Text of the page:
Robbie's father was a religious man, but not a man of religious conviction. He probably clung to his religion because he was a drunk who exercised cruelty to control the people around him; especially his family. The religion was a veneer that allowed him to claim righteousness, at least to himself. The cruelty was a product of a large, powerful man with few moral inhibitions. He was cruel because he could be cruel. He was a drunk because drinking made it easier for him to avoid any normal human impulse toward self-examination.

Robbie learned quite young, long before he met Psycho Mike, that it wasn't a good idea to provoke rabid bears. When he forgot, he was brutally reminded. Best practice was to say nothing unless spoken to, to be agreeable when the bear growled, and to never do anything that past experience told him might irritate bears.

Robbie's mother had learned the same lesson. She learned it too late to save herself, and far too late to help her son. She was married right out of high school. Robbie was already on his way more than a month before the night of her Senior Prom. It was some months after her enormous husband playfully carried her over the threshold to her new home, that she came to understand that she was living in a bear's den.

At least the man held a good job. It provided well enough to keep a roof over the young family's head, food on their table, to keep his Ford Ranger running, and to keep up with his bar bills. There wasn't much left for anything else. But really, anything else wasn't that important.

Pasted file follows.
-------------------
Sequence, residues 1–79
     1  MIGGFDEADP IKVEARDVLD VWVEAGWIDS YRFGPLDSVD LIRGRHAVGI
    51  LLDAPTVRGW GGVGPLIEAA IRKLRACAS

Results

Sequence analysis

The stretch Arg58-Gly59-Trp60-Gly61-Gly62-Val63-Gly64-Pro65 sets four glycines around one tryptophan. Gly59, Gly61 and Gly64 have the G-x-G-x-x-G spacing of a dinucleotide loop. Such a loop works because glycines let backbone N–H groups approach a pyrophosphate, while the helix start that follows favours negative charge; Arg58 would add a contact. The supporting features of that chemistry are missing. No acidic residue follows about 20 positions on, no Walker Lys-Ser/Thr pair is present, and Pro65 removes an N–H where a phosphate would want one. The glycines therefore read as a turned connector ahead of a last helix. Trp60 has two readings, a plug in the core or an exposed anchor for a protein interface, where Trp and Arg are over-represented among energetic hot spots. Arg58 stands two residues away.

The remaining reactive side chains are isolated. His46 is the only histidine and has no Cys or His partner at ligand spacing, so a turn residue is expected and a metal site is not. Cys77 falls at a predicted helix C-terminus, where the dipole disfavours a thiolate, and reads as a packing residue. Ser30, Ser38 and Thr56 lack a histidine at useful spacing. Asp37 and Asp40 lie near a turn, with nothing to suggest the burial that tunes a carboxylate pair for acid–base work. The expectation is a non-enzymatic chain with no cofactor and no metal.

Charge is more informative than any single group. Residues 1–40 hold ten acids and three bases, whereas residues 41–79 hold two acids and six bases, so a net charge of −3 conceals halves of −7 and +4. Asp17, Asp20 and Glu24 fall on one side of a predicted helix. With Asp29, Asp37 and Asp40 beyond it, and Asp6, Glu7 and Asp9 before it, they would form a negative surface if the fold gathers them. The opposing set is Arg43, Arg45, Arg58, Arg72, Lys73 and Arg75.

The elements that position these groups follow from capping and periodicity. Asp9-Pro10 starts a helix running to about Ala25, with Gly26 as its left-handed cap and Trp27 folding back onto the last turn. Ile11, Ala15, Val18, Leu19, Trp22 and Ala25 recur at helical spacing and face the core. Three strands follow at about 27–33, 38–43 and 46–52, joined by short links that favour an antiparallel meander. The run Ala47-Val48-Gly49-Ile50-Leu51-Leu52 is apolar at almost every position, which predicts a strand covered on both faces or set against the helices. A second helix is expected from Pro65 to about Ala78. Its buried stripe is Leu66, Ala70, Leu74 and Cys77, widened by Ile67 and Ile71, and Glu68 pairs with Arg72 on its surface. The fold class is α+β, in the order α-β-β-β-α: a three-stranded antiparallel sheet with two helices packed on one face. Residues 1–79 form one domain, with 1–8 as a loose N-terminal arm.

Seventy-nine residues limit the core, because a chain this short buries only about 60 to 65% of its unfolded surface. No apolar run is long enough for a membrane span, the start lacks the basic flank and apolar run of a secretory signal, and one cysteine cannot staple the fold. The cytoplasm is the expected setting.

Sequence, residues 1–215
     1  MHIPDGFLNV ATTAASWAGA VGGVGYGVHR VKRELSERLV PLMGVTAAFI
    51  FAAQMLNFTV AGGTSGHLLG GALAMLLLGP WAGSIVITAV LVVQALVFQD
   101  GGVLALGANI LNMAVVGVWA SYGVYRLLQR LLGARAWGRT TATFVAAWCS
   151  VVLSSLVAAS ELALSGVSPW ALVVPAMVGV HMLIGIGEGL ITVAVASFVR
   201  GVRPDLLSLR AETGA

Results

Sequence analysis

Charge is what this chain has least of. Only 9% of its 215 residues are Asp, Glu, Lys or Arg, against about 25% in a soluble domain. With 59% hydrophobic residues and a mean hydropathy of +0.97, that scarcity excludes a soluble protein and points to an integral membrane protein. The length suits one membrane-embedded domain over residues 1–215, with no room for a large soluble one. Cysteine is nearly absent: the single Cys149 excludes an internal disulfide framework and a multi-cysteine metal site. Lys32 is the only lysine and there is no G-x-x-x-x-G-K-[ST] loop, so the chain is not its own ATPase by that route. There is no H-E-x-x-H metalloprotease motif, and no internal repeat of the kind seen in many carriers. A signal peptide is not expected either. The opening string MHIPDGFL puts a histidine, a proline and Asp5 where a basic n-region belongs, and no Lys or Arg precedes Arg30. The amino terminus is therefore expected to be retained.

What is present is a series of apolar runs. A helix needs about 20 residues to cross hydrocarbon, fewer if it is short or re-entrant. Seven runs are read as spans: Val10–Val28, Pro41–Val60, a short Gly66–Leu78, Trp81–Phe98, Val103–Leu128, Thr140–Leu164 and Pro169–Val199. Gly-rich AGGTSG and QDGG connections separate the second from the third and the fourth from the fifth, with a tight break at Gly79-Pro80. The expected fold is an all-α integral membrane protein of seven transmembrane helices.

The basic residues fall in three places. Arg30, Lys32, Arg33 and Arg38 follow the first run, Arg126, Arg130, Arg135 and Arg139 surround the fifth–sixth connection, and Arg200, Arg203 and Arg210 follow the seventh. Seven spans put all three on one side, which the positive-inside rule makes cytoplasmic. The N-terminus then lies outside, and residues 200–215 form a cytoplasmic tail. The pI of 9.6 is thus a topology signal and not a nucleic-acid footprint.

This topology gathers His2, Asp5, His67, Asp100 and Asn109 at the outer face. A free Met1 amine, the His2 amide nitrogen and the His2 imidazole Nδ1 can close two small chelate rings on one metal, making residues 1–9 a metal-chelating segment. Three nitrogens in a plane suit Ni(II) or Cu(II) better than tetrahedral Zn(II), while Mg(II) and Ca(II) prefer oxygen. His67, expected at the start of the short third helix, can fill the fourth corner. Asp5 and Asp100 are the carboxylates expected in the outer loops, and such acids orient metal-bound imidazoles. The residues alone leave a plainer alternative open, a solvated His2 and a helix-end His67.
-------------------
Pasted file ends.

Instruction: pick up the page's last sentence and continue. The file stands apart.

Robbie came to understand that important lesson one Christmas morning, eleven years previous, on the day of his fifth birthday. His mother had started working part time when Robbie was two. She brought home a modest income that her husband was pleased to use to augment his bar budget and to purchase scratch tickets. He had a plan for a brighter future.

Robbie's mother thought that her income gave her license to provide something special for her son's Christmas and fifth birthday. Boy was she wrong!

Robbie was thrilled to see that the new bicycle with training wheels under the Christmas tree had his name on it! He had never owned anything that special in his life! His mother's heart was filled with joy and love to see her little boy's face light up with so much excitement!

Robbie's father was perplexed. He knew that he had a few drinks the night before, but had no recollection of anything that might account for the item under his Christmas tree. He resolved to get to the bottom of the situation.

Once Robbie's father heard the full story, his wife was made to understand the error of her ways. If she continued to waste his money on such frivolities, they were never going to hit the lottery and live happily ever after. Besides, he pointed our reasonably, there was no way Robbie could use that new bicycle with eighteen inches of snow on the ground.